Palermo becomes the first city in South Italy to collect tourist tax through Airbnb

Palermo is the first city in South Italy to reach an agreement with Airbnb, ensuring that the tourist tax will be collected through the platform for all travelers. The agreement, that follows the ones with the City of Genoa, Bologna and Florence, represents a turning point in the simplification of the payment and collection of the tourism tax, helping to completely eliminate the risk of tax fraud. According to estimates by the Municipality, the additional annual revenue deriving from the agreement is expected to be about €700,000.

From 1 April, Airbnb will collect the tourist tax on behalf of the hosts, and will remit it to the City of Palermo, when the booking is made through the platform. The agreement states that checkout prices on Airbnb will include tourist tax (€1.5 per person for a maximum of four nights), which will be remitted directly to the City of Palermo quarterly.

There are 4,900 listings in Palermo (+24% YoY). Over the last 12 months 107,000 inbound guests have chosen to stay in the City (+34%) with an average stay of 3,6 nights. The typical host has shared his or her home for 35 nights a year and gained €2,000 in the process.

The Sicilian capital, named Italian Capital of Culture 2018, will host major events including the Manifesta exhibition. Recently it has seen the formation of a Home Sharing Club so that the 3000 local hosts can have their voices heard by the city and promote the culture of hospitality. A few months ago, the hosts in Palermo had the chance to meet Joe Gebbia, one of the Airbnb founders, during the launch of the Italian Villages project promoted by Airbnb in collaboration with Anci and Mibact.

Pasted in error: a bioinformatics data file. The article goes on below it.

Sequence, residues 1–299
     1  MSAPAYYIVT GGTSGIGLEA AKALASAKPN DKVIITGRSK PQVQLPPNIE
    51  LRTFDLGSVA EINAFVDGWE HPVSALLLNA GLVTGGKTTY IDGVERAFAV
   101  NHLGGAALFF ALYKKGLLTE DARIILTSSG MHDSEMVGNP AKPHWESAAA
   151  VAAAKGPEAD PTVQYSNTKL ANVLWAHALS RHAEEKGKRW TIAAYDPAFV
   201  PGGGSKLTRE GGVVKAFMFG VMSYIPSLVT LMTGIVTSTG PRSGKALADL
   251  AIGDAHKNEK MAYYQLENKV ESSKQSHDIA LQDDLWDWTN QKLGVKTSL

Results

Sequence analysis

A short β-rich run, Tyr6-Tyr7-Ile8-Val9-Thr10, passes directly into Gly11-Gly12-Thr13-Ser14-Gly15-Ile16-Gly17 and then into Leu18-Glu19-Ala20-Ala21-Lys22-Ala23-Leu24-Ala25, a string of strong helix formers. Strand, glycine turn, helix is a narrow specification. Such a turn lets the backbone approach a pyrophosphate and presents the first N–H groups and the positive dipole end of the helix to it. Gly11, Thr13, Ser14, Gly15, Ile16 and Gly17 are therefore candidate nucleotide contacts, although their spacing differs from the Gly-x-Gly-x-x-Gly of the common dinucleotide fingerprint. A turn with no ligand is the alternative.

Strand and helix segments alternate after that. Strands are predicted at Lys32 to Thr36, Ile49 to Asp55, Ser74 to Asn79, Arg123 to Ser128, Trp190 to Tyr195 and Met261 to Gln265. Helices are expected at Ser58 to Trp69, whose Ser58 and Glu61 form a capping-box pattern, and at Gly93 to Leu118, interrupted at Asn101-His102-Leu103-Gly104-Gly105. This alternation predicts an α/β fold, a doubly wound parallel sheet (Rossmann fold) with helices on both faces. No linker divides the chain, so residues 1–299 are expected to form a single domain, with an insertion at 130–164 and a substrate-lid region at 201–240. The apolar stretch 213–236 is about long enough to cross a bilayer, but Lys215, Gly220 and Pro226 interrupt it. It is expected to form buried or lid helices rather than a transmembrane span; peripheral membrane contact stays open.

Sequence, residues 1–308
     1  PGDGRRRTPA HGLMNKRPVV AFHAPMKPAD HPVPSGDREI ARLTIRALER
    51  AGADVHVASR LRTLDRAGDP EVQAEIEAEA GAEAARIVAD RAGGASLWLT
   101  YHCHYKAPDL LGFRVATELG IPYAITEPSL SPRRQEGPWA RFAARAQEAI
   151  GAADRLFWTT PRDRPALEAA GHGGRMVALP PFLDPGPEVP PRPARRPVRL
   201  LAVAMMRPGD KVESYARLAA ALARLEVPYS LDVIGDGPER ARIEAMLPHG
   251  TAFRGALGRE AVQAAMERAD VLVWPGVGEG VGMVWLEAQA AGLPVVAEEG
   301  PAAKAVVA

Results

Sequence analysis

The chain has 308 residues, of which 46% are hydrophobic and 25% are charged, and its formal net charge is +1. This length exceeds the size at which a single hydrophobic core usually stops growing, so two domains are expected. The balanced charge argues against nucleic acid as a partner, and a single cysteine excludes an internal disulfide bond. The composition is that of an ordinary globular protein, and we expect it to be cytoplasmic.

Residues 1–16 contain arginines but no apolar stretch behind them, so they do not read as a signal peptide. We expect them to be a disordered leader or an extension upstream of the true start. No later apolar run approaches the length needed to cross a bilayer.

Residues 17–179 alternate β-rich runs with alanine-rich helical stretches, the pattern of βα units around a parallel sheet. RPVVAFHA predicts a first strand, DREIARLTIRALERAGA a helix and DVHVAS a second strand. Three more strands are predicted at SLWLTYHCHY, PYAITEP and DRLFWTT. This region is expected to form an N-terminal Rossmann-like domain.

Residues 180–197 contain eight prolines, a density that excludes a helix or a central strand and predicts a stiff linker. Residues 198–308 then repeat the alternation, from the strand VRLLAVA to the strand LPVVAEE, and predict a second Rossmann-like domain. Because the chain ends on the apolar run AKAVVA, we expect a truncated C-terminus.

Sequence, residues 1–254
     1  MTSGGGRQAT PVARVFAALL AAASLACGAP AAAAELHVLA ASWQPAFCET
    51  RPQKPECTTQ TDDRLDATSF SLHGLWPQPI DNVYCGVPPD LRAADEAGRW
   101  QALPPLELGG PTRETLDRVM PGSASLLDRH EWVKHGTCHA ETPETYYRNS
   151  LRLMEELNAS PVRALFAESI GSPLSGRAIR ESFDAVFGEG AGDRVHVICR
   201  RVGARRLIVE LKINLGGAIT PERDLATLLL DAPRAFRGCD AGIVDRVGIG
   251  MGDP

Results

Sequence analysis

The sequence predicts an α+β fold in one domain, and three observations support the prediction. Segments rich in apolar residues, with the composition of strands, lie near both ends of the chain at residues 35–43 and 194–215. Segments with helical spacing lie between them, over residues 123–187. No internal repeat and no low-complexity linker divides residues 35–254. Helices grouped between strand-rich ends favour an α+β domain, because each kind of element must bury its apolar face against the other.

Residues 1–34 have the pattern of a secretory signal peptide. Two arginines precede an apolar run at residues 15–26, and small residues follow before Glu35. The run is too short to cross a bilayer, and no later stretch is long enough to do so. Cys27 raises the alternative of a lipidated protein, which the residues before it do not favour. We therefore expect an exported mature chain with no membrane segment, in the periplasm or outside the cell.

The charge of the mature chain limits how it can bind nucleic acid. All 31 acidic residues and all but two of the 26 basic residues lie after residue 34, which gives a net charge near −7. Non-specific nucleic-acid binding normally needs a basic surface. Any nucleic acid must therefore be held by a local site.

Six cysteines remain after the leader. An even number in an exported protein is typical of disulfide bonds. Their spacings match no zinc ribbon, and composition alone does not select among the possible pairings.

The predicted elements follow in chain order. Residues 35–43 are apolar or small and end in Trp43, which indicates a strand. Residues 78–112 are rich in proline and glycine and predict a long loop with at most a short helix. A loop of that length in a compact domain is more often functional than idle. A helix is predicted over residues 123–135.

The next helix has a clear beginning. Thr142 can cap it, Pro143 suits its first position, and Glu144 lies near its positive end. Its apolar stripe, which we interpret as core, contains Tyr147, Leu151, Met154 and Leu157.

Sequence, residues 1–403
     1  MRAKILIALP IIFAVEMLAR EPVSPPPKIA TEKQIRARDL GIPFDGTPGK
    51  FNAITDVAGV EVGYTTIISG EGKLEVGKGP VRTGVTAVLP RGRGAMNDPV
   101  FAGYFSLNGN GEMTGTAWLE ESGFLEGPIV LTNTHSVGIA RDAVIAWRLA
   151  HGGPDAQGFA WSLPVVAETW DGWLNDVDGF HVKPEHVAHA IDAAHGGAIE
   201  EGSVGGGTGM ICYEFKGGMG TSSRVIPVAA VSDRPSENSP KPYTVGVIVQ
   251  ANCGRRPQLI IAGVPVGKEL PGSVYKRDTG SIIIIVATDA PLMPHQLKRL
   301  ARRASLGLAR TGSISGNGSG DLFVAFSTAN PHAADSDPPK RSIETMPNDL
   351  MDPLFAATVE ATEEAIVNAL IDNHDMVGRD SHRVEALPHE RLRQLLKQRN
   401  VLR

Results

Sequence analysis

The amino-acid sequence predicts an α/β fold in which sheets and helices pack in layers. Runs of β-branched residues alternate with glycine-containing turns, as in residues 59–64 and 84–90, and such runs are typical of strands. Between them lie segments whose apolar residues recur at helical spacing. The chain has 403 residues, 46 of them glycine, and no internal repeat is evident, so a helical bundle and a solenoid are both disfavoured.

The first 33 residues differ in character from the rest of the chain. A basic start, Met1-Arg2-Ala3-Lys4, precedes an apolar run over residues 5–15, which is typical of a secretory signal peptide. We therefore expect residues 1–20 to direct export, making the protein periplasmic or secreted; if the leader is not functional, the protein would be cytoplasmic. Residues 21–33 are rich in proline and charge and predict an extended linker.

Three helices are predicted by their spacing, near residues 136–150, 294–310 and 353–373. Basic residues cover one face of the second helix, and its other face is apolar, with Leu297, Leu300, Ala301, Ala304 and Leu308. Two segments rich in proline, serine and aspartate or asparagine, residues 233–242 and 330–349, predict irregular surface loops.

Want to know more about the Home Sharing Club in Palermo? Read hosts Sonia and Gabriele’s stories.

“I received my first booking last June. To date, I have had 19 reservations. They are not much, I know. I am still learning thanks to other hosts I have met. I started this experience with Airbnb two years ago, when I decided to turn over a new leaf, supported by my partner and my daughters. I was just coming off of a bad experience at work. I had an apartment in Palermo, so I furnished it with some old furniture I restored myself. I got all the information about laws, best practices, taxes and anything I needed to know to in order to start home sharing and I just did it. As a host, I’ll never get tired of sharing this journey with others. Every time my guests leave, I feel I just made new friends. It’s not a job at all. It’s much, much more than that.”

Sonia, Airbnb host in Palermo

Sonia with her dog, Nina

“I am madly in love with Palermo. I studied and worked elsewhere for almost 10 years. Once I finished the University and I had collected enough work experience, I was getting really nostalgic about it. I had to come back here. What’s the point of leaving your city if you have never even tried to work there? It’s been 10 years since I moved back, and I love this city no matter what. Every place has its problems, which place doesn’t? But Palermo still retains that genuine charm. Yes, it has the sunshine, yes, it has the seaside, but Palermo is more than that. It’s all the little, imperfect things that feed your soul. Perfection is the enemy of the soul. I try to share my love for this beautiful city, which deserves to be appreciated. Who can do it better than all the travelers all over the world who return to tell others about the experience they had here in Palermo?”

Gabriele, Airbnb host in Palermo

Gabriele and his wife Laura